This disturbs me. There is so much focus on making sure kids' self esteem isn't bruised that every kid ends up thinking he/she is great at everything. News flash kids...you aren't. You probably are average, as a matter of fact. What a harsh reality when stepping into the real world (college, job market, etc.). "But mommy and daddy and my teachers all said I was 'special'". Nope, sorry, not special, Junior. Repeat after me, "Do you want fries with that?".

When these kids get into the real world and realize they aren't all that special, THAT's what is going to piss them off and make them depressed.


I also agree with that completely and I think most of you on here would as well. That's the same I reason I don't think all criticism should be constructive... sometimes people just need to be told when they suck.

Agreed. Society sure didn't used to try and make kids feel happy about everything. Kids used to get a swift kick in the rear end for doing stupid things. Seems like this generation of parents, and older are perfectly happy today and weren't raised with this paranoia of making sure that when they were kids they weren't depressed.


Some very good points. I'm tired of the no-losers society. Me and my kid play all kinds of games and, you know what? Sometimes...this may shock some people, so brace yourselves......he loses. He doesn't like to lose, because he knows what losing is and how it feels. He works very hard to make sure he doesn't lose again and comes back and beats his old man. Too many kids don't try because they don't think they have to.
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Re: Coppermine's bored...

Postby teddy ballgame » Mon Jul 10, 2006 3:20 pm

Omaha Red Sox wrote:
teddy ballgame wrote:
Coppermine wrote:
mak1277 wrote:
Omaha Red Sox wrote:...so here are some short stories to discuss....
British children to get happiness lessons


This disturbs me. There is so much focus on making sure kids' self esteem isn't bruised that every kid ends up thinking he/she is great at everything. News flash kids...you aren't. You probably are average, as a matter of fact. What a harsh reality when stepping into the real world (college, job market, etc.). "But mommy and daddy and my teachers all said I was 'special'". Nope, sorry, not special, Junior. Repeat after me, "Do you want fries with that?".

When these kids get into the real world and realize they aren't all that special, THAT's what is going to piss them off and make them depressed.


I also agree with that completely and I think most of you on here would as well. That's the same I reason I don't think all criticism should be constructive... sometimes people just need to be told when they suck.

Agreed. Society sure didn't used to try and make kids feel happy about everything. Kids used to get a swift kick in the rear end for doing stupid things. Seems like this generation of parents, and older are perfectly happy today and weren't raised with this paranoia of making sure that when they were kids they weren't depressed.


Some very good points. I'm tired of the no-losers society. Me and my kid play all kinds of games and, you know what? Sometimes...this may shock some people, so brace yourselves......he loses. He doesn't like to lose, because he knows what losing is and how it feels. He works very hard to make sure he doesn't lose again and comes back and beats his old man. Too many kids don't try because they don't think they have to.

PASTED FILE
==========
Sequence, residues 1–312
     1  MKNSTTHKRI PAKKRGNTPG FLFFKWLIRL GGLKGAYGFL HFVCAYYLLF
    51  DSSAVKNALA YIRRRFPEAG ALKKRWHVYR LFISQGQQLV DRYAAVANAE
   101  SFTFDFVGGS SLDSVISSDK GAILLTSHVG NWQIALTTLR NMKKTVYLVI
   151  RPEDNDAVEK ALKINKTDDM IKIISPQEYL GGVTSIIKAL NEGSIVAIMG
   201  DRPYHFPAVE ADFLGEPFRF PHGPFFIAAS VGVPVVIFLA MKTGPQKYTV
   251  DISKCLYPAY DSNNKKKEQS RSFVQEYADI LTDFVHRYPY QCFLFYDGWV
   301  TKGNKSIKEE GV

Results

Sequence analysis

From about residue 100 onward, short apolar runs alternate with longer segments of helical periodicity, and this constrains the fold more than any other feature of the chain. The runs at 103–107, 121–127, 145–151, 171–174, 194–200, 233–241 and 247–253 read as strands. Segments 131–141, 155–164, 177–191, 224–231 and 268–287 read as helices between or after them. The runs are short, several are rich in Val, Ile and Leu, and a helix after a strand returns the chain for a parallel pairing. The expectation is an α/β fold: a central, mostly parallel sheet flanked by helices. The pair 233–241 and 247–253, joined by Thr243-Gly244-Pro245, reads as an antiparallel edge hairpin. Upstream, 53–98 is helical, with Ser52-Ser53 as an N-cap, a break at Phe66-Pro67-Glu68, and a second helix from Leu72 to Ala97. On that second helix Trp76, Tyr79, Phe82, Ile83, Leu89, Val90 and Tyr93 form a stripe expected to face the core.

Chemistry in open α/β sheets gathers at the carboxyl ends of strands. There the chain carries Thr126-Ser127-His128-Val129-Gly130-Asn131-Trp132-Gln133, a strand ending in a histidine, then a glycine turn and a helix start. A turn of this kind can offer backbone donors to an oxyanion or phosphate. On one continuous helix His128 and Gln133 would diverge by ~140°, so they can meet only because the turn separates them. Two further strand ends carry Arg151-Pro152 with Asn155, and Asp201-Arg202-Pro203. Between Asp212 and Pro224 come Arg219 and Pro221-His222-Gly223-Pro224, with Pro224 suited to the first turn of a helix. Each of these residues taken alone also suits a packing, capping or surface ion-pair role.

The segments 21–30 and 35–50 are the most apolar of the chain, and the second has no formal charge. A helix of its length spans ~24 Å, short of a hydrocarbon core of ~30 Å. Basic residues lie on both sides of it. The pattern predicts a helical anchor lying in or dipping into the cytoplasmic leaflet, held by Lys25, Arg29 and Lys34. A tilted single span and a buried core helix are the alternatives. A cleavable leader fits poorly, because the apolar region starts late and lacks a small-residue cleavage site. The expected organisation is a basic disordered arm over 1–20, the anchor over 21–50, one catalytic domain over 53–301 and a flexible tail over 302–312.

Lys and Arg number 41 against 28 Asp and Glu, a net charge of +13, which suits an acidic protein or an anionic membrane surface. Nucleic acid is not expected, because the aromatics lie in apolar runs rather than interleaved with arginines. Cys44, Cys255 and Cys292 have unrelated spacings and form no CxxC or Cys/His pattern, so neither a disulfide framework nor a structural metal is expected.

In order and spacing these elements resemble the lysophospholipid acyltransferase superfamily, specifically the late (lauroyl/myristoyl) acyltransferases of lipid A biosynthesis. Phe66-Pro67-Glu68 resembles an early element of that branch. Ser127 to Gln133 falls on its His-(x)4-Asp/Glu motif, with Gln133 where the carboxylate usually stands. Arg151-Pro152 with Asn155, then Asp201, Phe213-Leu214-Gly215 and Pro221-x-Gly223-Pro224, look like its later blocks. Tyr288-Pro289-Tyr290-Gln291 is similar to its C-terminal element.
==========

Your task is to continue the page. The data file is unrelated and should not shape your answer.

I remember one time I was playing street hockey with my dad, and I asked him to stop playing so hard because he was beating me every time. He started letting me score and it wasn't fun at all. Never asked him to do that again, and like ORS said, it made me try harder and want to beat him even more.
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Postby mak1277 » Mon Jul 10, 2006 3:40 pm

Coppermine wrote:This reminds me of one of the best online articles I've ever read; and I think it may have been posted on here originally; check it out if you have a few minutes:

Ronald Bailey wrote:Earlier this week, the American Enterprise Institute in Washington, DC, held a remarkably interesting conference titled "Panic Attack: The New Precautionary Culture, the Politics of Fear, and the Risks to Innovation."...


http://www.reason.com/rb/rb021706.shtml

;-D


Really excellent read...thanks.
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Re: Coppermine's bored...

Postby mak1277 » Mon Jul 10, 2006 3:44 pm

teddy ballgame wrote:I remember one time I was playing street hockey with my dad, and I asked him to stop playing so hard because he was beating me every time. He started letting me score and it wasn't fun at all. Never asked him to do that again, and like ORS said, it made me try harder and want to beat him even more.


This all goes hand-in-hand with the enormous sense of entitlement kids have these days. I'm not an old geezer (i'm only almost 30), but even the kids that are graduating college these days seem to have this enormous sense that they are entitled to whatever they want.

When I came out of college, I was thrilled to get a job at all. Now, the kids being hired by my company seem to think the company is lucky to have hired them. They don't work very hard (most, not all of them). They do things that I wouldn't have dreamed of doing in my wildest imagination (disregarding orders from their bosses, for example).